Some basic openings

You have to be able to make a decent start in a game of chess, or you risk being blown away by your opponent's better development. Knowing a few openings in a bit of detail is some insurance against traps and ideas that you haven't seen before.

So, here are some variations in common openings that you can -- and should -- learn. At each turn, try and learn not just what is the right move(s) but why that move is preferred.

[Event "?"]
[Site "?"]
[Date "2018.01.30"]
[Round "?"]
[White "Felix"]
[Black "Openings"]
[Result "*"]
[ECO "C54"]
[PlyCount "11"]
[EventDate "2018.??.??"]
1. e4 (1. d4 d5 2. c4 e6 {and one or other line:} 3. Nc3 Nf6 (3... c5 4. cxd5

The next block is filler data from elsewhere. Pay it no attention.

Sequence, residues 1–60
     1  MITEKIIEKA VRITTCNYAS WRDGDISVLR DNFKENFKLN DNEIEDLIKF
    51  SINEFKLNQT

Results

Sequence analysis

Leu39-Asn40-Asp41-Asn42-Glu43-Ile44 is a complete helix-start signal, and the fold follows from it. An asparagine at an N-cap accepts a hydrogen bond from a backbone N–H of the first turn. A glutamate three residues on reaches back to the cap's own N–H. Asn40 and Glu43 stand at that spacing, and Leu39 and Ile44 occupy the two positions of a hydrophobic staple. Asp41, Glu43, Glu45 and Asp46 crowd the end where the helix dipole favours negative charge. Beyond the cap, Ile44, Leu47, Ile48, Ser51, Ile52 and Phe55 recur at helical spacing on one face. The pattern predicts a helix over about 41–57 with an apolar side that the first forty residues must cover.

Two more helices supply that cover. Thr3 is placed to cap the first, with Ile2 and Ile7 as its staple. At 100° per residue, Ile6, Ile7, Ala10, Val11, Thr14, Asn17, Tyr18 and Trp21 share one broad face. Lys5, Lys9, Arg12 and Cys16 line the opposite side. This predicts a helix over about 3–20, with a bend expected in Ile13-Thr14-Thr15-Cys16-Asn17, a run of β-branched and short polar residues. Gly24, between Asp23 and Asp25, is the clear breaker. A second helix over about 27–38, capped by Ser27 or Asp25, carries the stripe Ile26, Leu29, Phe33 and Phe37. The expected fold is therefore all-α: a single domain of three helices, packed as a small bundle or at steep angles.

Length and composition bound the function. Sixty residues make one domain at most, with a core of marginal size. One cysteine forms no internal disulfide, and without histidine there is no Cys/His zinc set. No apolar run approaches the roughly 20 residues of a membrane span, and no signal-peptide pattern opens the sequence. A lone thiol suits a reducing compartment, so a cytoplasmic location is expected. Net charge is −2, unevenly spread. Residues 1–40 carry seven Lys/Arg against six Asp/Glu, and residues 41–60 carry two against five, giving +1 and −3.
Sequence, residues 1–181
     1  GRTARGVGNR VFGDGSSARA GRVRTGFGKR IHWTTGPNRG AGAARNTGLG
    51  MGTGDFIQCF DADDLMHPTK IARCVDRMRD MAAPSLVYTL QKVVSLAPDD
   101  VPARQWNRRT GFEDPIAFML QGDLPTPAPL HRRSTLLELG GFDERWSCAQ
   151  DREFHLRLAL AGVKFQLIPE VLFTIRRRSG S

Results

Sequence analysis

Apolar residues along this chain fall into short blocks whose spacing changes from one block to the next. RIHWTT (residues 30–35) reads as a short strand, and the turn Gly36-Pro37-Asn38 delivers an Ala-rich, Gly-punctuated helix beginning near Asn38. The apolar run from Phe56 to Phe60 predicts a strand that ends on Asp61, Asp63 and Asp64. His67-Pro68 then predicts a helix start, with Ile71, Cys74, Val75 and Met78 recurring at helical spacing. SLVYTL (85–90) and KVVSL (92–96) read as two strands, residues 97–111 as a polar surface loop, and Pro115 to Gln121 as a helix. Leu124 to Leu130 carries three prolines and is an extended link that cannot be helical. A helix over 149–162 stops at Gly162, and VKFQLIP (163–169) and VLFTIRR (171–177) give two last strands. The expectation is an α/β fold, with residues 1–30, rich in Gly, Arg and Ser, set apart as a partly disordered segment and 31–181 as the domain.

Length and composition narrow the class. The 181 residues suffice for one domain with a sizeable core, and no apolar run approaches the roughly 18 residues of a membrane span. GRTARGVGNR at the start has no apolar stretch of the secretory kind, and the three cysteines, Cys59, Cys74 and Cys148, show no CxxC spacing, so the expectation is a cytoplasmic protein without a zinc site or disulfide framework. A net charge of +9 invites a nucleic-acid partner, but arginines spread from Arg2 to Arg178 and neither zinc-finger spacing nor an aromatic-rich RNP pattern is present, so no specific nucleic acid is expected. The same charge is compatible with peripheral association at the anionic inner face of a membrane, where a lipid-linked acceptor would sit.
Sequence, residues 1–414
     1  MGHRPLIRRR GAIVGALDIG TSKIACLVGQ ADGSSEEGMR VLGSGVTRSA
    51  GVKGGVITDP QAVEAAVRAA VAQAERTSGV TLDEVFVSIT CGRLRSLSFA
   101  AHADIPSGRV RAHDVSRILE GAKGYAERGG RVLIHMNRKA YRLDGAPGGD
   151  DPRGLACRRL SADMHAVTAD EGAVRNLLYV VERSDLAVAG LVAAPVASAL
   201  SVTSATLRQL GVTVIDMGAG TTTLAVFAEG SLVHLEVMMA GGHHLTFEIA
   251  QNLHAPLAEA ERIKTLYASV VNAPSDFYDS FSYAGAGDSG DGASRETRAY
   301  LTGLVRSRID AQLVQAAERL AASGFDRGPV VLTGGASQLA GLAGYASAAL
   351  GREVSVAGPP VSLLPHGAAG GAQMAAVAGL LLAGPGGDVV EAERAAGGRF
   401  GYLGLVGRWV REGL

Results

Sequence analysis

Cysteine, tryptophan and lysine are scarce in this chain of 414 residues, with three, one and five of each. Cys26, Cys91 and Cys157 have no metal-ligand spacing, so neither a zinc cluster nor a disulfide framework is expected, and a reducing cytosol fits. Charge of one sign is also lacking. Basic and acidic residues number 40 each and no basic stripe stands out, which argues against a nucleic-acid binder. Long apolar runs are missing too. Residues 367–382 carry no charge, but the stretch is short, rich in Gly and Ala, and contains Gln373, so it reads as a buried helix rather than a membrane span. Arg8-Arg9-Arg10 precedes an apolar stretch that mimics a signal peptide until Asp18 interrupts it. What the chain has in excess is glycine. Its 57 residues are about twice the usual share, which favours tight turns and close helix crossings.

exd5 5. Nf3 Nc6 6. g3) 4. Bg5 Be7 5. e3 O-O 6. Nf3 Nbd7) 1... e5 (1... e6 2. d4
d5 {and these lines:} 3. e5 (3. Nc3 Nf6 4. e5 (4. Bg5 Bb4) 4... Nfd7 5. Nf3 c5
6. dxc5 Nc6) (3. Nd2 Nf6 4. e5 Nfd7 5. Bd3 c5 6. c3 Nc6) 3... c5 4. c3 Nc6 5.
Nf3 Qb6 6. Be2 (6. Bd3 Bd7) (6. a3 c4)) 2. Nf3 Nc6 {and now the main lines of
one or other opening:} 3. Bc4 (3. d4 exd4 4. Nxd4 Nf6 (4... Bc5 5. Be3 Qf6 6.
c3 Nge7 7. Bc4 (7. Be2)) 5. Nc3 Bb4 6. Nxc6 bxc6 7. Bd3) (3. Bb5 a6 (3... Nf6
4. O-O (4. d3)) 4. Ba4 Nf6 5. O-O (5. d3)) 3... Bc5 (3... Nf6 4. Ng5 (4. d4
exd4 5. O-O Nxe4 (5... Bc5 6. e5 d5 7. Bb5 Ne4 8. Nxd4) 6. Re1 d5 7. Bxd5 Qxd5
8. Nc3 Qa5 9. Nxe4) 4... Bc5 (4... d5 5. exd5 Nxd5 (5... b5 6. Bxb5 (6. dxc6
bxc4) 6... Qxd5) 6. Nxf7)) 4. c3 (4. b4 Bxb4 5. c3 Ba5 6. d4) 4... Nf6 5. d4
exd4 6. cxd4 (6. O-O) (6. e5) *

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1536